Published on Global Research.ca, by Tom Burghardt, July 21, 2010.
… Greasing the Wheels:
The United Nations Office on Drugs and Crime (UNODOC) state in their 2010 Annual Report that “money-laundering is the method by which criminals disguise the illegal origins of their wealth and protect their asset bases in order to avoid suspicion of law enforcement and to prevent leaving a trail of incriminating evidence,” and that financial institutions, particularly U.S. and European banks are key to efforts to choke-off illicit profits from the grisly trade.
The trouble is these institutions, along with U.S. intelligence agencies, are the problem.
UNODOC estimate that profits derived from narcotics rackets amount to some $600 billion annually and that up to $1.5 trilliondollars in drug money is laundered through seemingly legitimate enterprises.
Part of the fallout from capitalism’s economic meltdown has been that “drugs money worth billions of dollars kept the financial system afloat at the height of the global crisis,” The Observer disclosed late last year.
Antonio Maria Costa, UNODOC’s director, told the British newspaper he saw evidence that proceeds from the illicit trade were “the only liquid investment capital” available to some banks on the brink of collapse last year and that “a majority of the $352bn (£216bn) of drugs profits was absorbed into the economic system as a result.”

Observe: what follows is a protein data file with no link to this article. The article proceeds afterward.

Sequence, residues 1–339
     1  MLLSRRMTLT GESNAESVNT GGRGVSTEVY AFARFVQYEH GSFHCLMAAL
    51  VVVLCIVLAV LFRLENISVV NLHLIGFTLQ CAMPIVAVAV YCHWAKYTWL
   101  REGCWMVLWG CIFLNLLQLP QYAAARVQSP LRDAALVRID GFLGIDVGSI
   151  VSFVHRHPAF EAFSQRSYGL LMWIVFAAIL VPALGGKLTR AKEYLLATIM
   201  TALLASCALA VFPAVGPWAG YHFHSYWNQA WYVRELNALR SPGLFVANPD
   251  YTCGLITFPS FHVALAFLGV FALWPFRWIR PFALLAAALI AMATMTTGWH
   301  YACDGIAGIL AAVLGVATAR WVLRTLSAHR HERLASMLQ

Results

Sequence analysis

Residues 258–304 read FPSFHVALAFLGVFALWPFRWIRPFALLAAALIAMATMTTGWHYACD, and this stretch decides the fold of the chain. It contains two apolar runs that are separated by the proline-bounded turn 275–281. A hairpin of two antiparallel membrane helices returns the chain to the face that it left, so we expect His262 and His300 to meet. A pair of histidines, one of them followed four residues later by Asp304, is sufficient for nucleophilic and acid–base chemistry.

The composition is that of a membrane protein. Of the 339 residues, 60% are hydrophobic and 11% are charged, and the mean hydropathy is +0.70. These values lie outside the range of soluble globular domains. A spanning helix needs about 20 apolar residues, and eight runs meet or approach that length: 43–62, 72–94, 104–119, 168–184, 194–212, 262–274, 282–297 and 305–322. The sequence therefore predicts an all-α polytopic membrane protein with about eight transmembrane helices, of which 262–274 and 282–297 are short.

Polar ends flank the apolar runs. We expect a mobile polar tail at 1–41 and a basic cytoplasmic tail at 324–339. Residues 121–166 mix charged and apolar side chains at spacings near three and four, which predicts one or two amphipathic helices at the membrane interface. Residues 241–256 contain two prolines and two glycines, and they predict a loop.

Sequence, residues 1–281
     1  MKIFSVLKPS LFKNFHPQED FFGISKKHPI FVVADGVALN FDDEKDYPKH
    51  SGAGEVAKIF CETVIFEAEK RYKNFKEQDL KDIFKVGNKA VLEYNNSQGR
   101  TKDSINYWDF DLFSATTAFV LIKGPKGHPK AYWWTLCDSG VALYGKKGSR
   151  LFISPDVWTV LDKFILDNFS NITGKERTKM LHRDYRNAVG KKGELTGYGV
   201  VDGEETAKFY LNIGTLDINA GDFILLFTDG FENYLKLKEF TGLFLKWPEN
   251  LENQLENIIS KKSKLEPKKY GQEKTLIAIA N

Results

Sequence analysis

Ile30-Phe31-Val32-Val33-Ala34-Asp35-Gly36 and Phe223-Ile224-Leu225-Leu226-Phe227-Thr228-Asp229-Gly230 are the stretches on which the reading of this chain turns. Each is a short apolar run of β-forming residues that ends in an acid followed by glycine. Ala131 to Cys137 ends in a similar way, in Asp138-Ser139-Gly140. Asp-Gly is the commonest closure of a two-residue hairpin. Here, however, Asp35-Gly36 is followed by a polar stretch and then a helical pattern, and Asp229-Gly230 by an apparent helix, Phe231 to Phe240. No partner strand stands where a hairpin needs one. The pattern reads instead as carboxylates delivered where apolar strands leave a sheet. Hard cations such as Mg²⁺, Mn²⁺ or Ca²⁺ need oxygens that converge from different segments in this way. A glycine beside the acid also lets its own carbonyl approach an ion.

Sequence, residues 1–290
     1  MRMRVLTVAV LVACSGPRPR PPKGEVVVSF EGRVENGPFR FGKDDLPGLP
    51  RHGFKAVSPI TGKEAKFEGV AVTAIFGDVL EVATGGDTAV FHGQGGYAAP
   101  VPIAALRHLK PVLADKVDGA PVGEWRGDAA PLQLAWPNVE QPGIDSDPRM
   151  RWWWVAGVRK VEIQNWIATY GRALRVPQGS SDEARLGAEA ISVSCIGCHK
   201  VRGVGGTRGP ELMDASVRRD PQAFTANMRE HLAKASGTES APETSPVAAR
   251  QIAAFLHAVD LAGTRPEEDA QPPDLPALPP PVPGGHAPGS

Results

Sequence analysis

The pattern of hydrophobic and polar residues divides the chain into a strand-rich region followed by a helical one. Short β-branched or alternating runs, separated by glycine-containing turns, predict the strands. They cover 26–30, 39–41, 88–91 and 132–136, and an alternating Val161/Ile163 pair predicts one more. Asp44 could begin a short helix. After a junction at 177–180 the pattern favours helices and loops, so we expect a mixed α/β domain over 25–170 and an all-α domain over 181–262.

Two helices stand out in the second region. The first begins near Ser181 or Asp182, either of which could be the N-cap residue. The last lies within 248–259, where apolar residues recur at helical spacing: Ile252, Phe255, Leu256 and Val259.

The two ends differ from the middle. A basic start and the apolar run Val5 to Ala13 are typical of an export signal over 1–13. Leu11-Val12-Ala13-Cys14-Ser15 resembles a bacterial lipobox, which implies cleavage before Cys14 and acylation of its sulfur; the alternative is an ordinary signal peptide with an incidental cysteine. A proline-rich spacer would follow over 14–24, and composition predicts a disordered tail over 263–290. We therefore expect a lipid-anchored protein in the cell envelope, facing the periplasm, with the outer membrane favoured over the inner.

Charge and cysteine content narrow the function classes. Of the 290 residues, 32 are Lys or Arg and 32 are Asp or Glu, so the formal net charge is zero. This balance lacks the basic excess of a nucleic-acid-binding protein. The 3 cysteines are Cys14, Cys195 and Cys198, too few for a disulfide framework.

The UN drugs chief said that in “many instances, the money from drugs was the only liquid investment capital.” And with markets tanking and major bank failures nearly a daily occurrence, “liquidity was the banking system’s main problem and hence liquid capital became an important factor.”
According to Costa, “Inter-bank loans were funded by money that originated from the drugs trade and other illegal activities… There were signs that some banks were rescued that way.”
Web of Corruption: … //
… Fallout? What Fallout:
In the wake of Wachovia’s admission to federal prosecutors, Wells Fargo will pay “$160 million in fines and penalties, less than 2 percent of its $12.3 billion profit in 2009.”
“If Wells Fargo keeps its pledge,” Bloomberg reports, then “according to the agreement [the federal government will] drop all charges against the bank in March 2011.”
Why might that be? Large banks are immune from vigorous prosecution for violating the Bank Secrecy Act “by a variant of the too-big-to-fail theory.”
Veteran Senate investigator Jack Blum, who led probes into the Iran-Contra drug connection and the CIA’s favorite shadow bank during the 1980s, the Bank of Credit and Commerce (BCCI) toldBloomberg, “the theory is like a get-out-of-jail-free card for big banks.”
“There’s no capacity to regulate or punish them because they’re too big to be threatened with failure,” Blum says. “They seem to be willing to do anything that improves their bottom line, until they’re caught.”
Meanwhile as the bodies pile up, there’s no jail time for executives and the assets of firms that could charitably be described as part of a “continuing criminal enterprise” haven’t been seized; only a slap on the wrist and a promise to “do better next time.” (full long text).